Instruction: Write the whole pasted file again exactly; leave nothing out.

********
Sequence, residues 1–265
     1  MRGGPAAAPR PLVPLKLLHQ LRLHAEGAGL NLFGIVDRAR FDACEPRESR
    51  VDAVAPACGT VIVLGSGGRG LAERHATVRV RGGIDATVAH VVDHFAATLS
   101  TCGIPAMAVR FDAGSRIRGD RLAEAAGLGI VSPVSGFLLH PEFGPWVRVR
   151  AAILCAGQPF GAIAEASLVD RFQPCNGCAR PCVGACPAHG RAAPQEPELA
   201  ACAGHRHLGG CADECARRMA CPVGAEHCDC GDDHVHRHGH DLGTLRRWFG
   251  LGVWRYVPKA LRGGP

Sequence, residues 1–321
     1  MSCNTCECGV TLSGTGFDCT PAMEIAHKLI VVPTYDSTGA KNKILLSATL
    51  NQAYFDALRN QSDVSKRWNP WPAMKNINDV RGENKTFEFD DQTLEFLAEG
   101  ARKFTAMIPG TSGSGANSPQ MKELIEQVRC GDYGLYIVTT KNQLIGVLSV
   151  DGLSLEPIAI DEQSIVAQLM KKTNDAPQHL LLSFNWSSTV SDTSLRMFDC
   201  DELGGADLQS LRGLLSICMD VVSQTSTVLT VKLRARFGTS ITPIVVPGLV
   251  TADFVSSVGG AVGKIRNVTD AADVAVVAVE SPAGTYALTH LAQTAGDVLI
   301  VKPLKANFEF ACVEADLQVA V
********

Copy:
Sequence, residues 1–265
     1  MRGGPAAAPR PLVPLKLLHQ LRLHAEGAGL NLFGIVDRAR FDACEPRESR
    51  VDAVAPACGT VIVLGSGGRG LAERHATVRV RGGIDATVAH VVDHFAATLS
   101  TCGIPAMAVR FDAGSRIRGD RLAEAAGLGI VSPVSGFLLH PEFGPWVRVR
   151  AAILCAGQPF GAIAEASLVD RFQPCNGCAR PCVGACPAHG RAAPQEPELA
   201  ACAGHRHLGG CADECARRMA CPVGAEHCDC GDDHVHRHGH DLGTLRRWFG
   251  LGVWRYVPKA LRGGP

Sequence, residues 1–321
     1  MSCNTCECGV TLSGTGFDCT PAMEIAHKLI VVPTYDSTGA KNKILLSATL
    51  NQAYFDALRN QSDVSKRWNP WPAMKNINDV RGENKTFEFD DQTLEFLAEG
   101  ARKFTAMIPG TSGSGANSPQ MKELIEQVRC GDYGLYIVTT KNQLIGVLSV
   151  DGLSLEPIAI DEQSIVAQLM KKTNDAPQHL LLSFNWSSTV SDTSLRMFDC
   201  DELGGADLQS LRGLLSICMD VVSQTSTVLT VKLRARFGTS ITPIVVPGLV
   251  TADFVSSVGG AVGKIRNVTD AADVAVVAVE SPAGTYALTH LAQTAGDVLI
   301  VKPLKANFEF ACVEADLQVA V